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Power, Persuasion, and Attractiveness

Power, Persuasion, and Attractiveness

    I created two surveys on Twitter to see which candidate for president of the United States has the most attractive supporters. My Twitter followers are mostly pro-Trump, and male, so I expected the biased result you see below. That didn’t make it any less funny.


    These two surveys are statistically meaningless, but I’m willing to bet that a scientific poll of this type would show the same order of results, with Trump at the top. That doesn’t mean Trump supporters are actually more attractive. It just means you have been persuaded to think so, probably by a variety of factors. Here’s a little thought experiment to test this idea:

    Imagine a male Trump supporter. He’s wearing a red Trump hat and he’s being interviewed on camera by a reporter. Now hold whatever image you have in your head for that person. All you know is that he is male, a Trump supporter, and he is wearing a Trump hat. Hold that thought.

    Now imagine a male Clinton supporter. He isn’t wearing a Trump hat, so fill in that person’s clothing in your mind. All you know is that he supports Clinton. He too is being interviewed by a reporter.

    Now imagine your Trump supporter and your Clinton supporter standing next to each other. Get a good picture of the two of them in your mind. Now here’s my question: If those two men were to get into a fight, who would win?

    Most of you said the Trump supporter would win. That’s because you are reading this blog, and a lot of Trump supporters come here. But my educated guess is that persuasion is also at work. Trump’s language and imagery is all “big and beautiful and great.” His buildings are big and powerful. Trump is a big guy in a power suit wearing powerful clothing. He projects power, intentionally.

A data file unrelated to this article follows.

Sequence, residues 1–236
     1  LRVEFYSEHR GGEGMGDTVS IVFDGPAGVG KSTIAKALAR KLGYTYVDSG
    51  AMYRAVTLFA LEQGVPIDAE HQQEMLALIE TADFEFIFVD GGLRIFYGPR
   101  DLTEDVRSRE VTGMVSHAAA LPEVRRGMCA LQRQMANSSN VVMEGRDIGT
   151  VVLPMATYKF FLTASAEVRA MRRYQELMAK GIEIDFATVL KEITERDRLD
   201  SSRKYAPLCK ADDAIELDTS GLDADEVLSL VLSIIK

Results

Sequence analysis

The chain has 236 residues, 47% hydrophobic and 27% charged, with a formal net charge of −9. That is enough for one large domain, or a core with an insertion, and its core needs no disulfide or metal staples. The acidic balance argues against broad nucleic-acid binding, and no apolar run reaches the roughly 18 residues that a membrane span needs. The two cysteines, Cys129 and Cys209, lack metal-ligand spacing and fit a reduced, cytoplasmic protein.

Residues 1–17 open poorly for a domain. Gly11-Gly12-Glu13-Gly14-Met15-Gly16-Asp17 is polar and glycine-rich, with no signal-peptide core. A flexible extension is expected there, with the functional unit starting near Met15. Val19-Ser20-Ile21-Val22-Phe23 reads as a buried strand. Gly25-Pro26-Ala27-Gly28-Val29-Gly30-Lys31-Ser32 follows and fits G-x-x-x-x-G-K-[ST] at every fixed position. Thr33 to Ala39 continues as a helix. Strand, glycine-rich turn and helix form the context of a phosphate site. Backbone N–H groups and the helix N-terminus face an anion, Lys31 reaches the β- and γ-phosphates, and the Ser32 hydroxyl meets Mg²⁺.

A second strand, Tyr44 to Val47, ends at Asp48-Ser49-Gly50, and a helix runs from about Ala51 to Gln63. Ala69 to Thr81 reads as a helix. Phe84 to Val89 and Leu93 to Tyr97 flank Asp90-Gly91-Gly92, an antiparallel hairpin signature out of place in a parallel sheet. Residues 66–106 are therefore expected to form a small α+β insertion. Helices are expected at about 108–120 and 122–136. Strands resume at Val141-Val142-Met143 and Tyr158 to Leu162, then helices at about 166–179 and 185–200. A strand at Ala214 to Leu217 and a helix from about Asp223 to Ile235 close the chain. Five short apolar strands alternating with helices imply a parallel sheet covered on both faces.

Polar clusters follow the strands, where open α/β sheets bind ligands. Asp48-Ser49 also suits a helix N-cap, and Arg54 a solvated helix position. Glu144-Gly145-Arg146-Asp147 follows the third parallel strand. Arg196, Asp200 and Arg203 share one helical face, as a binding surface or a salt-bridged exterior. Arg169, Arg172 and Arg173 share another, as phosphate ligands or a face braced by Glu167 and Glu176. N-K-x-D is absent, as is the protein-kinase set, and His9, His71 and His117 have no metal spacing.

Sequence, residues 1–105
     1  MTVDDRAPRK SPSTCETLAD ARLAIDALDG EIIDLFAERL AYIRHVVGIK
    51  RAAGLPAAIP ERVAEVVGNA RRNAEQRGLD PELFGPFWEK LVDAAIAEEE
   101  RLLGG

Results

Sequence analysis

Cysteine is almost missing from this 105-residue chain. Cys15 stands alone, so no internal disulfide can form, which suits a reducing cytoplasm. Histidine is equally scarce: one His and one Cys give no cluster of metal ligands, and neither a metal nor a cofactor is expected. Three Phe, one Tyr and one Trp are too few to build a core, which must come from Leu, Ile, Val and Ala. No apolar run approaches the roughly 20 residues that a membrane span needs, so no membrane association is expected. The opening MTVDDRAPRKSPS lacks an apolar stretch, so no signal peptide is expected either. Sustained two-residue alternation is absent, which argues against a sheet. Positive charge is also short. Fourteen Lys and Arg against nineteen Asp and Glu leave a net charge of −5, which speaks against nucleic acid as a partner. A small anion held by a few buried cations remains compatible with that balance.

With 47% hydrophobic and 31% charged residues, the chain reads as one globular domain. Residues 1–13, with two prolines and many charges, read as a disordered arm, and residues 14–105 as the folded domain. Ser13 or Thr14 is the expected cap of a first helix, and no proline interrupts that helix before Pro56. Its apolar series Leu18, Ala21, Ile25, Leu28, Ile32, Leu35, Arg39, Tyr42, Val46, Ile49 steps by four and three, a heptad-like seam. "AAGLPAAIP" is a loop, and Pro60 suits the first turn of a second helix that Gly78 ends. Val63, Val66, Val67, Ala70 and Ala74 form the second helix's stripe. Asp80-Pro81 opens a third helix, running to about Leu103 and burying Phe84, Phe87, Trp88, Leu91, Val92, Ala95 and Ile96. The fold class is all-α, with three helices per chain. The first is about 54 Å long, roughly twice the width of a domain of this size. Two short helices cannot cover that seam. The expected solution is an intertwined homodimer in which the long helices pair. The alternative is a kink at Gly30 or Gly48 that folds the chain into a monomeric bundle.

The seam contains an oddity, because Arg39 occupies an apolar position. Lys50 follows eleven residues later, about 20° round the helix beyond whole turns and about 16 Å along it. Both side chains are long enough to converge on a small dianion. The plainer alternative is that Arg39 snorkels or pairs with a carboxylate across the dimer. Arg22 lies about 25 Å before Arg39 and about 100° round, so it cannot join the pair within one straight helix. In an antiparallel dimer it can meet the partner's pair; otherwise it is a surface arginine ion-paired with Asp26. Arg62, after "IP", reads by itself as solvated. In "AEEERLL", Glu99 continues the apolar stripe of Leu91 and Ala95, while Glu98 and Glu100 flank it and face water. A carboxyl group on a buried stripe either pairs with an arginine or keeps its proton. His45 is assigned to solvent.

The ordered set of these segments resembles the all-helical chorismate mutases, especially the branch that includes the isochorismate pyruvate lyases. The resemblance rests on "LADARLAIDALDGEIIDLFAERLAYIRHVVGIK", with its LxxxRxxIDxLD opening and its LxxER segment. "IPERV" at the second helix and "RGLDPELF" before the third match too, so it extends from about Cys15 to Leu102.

Clinton is more about fighting for the weaker members of society. Even her logo looks like a sign pointing to a hospital.


    Attractiveness and power are correlated in our minds. Trump is creating a brand around power while Clinton’s brand is more about helping the disadvantaged of society. My best guess, as a trained persuader, is that each candidate’s branding leaks into your biased opinion of what the supporters of each candidate actually look like.

    Just to be clear, I doubt there is any real difference in the attractiveness of voters who support various candidates. My point is that people have been persuaded to think there is a difference.

    On a different note, watch an untrained persuader flip Clinton supporters to Trump supporters in less than sixty seconds. I have tried this same method of persuasion in the past, also on the topic of politics, and had the same rapid results.

    A few months ago I offered in this blog to flip a Clinton supporter to a Trump supporter on video in less than an hour. The truth is that ten minutes would be more than enough. I only said an hour so it sounded more credible.

    If you think Bernie Sanders’ supporters smoke a lot of weed, you should see my book because it has nothing to do with any of that.

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